When Beryl fails to bring about the desired outcome on her own, she finds an apparently willing helper in Christie. Expert at doublespeak, Christie suggests to the Evanses that he had received training in “medical stuff” prior to the outbreak of the Great War and therefore is qualified to undertake what was still an illegal procedure in England. “I’ve seen it done a hundred times,” Christie tells Beryl. “‘Termination,’ we call it.” Rather touchingly, Beryl is impressed by what sounds like medical jargon, repeating the word—“termination”—to the class-conscious Tim to give the procedure the patina of respectability.
The abortion scene is filmed by Fleischer in a flat, uninflected style that emphasizes the fear and indignity of an illegal abortion of that era. “There’s no cutting, is there?” Beryl asks, pitifully.
Yet Fleischer is not merely making another exposé of so-called “back-alley abortions” as a way of advocating for the procedure’s legality. Instead, without ever drawing a false equivalency between a confused mother and a conniving murderer, Fleischer shows us a society in which life has become devalued and degraded in all its forms. Death hangs over this scene: Both its participants are present in the name of the taking of a life or lives. Tragically, Beryl wishes to end the life of her unborn child; horrifyingly, Christie means to end the life of Beryl to satisfy his own sick compulsions. (Whether Christie considers her unborn child to be a living being—whether he thinks of her child at all—is debatable.)
Then comes a remarkable moment: As Beryl is inhaling the gas given to her by Christie, she has a kind of awakening. Before she succumbs, she realizes that he is trying to do her harm and tries to resist; in her last seconds of consciousness, she sees him for what he is—a murderer. The insight is fleeting. Christie manages to subdue and then strangle Beryl; her unborn child expires with her.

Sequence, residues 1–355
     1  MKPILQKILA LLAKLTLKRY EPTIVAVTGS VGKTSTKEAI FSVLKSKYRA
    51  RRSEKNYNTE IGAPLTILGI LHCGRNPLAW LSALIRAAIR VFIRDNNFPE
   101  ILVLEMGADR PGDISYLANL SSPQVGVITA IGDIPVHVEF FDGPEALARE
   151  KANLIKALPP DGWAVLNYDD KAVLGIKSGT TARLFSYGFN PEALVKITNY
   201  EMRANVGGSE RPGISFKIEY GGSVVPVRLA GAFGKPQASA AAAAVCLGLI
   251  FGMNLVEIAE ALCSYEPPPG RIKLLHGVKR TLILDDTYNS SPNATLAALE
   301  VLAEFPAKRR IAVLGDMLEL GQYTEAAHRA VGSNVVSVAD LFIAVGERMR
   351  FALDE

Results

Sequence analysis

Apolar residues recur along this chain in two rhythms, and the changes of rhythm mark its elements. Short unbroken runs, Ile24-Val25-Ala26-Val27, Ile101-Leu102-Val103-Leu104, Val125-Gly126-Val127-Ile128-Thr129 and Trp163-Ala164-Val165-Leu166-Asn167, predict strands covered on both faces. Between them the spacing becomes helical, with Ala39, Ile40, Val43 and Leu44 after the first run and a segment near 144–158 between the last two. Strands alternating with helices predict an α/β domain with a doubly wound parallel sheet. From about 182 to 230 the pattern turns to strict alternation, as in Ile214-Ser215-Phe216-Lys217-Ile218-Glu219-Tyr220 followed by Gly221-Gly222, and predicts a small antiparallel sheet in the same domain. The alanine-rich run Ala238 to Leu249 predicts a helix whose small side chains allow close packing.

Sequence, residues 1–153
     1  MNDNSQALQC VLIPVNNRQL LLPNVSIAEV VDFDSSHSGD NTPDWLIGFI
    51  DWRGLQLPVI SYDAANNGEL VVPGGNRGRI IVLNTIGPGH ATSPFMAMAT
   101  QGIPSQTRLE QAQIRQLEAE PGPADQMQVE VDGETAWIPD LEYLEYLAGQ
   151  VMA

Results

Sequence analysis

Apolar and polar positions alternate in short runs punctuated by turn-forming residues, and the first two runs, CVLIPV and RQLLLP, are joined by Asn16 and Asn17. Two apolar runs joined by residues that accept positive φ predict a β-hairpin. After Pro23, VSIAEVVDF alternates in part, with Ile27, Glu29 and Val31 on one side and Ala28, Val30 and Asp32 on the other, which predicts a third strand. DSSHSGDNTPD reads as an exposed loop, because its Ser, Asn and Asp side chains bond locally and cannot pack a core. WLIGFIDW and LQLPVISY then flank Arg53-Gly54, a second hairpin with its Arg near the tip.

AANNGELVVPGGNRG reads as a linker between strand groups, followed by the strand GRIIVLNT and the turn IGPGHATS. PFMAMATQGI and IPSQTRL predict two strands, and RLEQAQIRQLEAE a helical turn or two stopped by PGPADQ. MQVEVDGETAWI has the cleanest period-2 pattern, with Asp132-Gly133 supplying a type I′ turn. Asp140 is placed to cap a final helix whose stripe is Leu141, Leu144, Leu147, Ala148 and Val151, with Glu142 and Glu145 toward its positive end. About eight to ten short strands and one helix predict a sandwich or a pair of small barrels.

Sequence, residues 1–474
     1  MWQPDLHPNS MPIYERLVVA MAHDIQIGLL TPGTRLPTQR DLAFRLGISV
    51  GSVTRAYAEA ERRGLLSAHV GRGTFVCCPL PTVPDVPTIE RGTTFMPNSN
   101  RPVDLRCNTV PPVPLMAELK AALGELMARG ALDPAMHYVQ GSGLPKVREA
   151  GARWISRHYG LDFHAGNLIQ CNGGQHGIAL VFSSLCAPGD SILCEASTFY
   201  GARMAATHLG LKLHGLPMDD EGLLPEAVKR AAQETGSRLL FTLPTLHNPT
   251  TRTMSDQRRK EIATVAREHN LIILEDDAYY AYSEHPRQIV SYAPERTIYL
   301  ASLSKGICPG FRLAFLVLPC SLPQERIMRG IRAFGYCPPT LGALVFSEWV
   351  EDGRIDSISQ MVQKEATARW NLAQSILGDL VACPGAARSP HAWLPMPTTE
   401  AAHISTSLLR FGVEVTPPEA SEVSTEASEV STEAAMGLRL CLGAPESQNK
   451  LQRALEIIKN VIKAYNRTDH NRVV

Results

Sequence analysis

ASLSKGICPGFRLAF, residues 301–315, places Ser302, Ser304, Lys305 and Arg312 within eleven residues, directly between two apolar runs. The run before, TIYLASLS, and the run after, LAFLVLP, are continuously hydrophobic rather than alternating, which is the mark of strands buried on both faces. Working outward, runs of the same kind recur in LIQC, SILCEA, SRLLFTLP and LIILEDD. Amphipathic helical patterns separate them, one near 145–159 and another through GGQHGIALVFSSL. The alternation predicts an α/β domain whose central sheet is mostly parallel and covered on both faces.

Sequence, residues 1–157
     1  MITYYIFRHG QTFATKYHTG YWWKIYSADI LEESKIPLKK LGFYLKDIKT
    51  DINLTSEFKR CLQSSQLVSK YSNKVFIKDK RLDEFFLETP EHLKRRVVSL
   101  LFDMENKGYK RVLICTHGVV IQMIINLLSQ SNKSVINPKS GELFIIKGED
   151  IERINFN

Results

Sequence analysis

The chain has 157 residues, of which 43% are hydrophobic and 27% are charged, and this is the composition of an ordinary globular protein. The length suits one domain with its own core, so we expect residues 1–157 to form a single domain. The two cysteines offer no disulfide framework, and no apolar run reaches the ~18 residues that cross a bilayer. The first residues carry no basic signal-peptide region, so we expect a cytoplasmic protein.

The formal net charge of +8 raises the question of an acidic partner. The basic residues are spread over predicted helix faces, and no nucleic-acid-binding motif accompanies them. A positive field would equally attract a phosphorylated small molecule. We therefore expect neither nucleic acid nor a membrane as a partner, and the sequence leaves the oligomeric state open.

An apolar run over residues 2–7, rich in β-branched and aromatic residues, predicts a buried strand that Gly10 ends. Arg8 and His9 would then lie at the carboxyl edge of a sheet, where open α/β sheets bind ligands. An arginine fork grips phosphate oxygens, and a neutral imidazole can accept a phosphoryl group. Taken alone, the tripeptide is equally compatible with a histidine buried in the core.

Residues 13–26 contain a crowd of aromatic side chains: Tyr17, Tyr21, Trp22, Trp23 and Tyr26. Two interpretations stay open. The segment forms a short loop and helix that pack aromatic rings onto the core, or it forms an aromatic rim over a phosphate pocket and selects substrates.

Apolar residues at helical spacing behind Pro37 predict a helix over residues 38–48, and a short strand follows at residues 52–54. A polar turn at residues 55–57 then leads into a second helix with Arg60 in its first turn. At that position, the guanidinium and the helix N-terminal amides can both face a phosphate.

Anyone who watches the movie would find it impossible to believe that, had Beryl somehow escaped Christie’s clutches, she would have remained so indifferent to life as to simply find another abortionist. Having nearly lost her life, she would have been bound to feel differently about her child’s; Geeson’s wholesome, appealing qualities as a performer convince us this is so.
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Christie, meanwhile, advances to actual infanticide when, after killing Beryl and her unborn child, he murders her baby Geraldine—part of an elaborate but sloppy cover-up that ultimately brings Tim to the gallows. Truly this is a horror film worthy of the designation. (In real life, Tim Evans received the punishment of hanging for the murder of his daughter before being posthumously exonerated; Christie was ultimately tried and hanged himself.)
Does the fact that Christie masquerades as an abortionist make 10 Rillington Place an anti-abortion film? Of course not. Even in pre-Roe v. Wade Hollywood, its makers would have likely scoffed at such an interpretation, and there’s nothing about its sharp, severe style that suggests a preachy “message movie.” Yet the seriousness with which the film presents Christie’s crimes—the lack of Psycho-style trivializing of its subject, masterly though Hitchcock’s film is—will leave thoughtful viewers cognizant of the tragedy that accompanies the taking of any life.
That Christie saw nothing wrong with abortion would cause any sane or humane person to question the practice himself. We mourn for all of Christie’s victims—for Beryl, for Geraldine, and for the child she would never know nor name.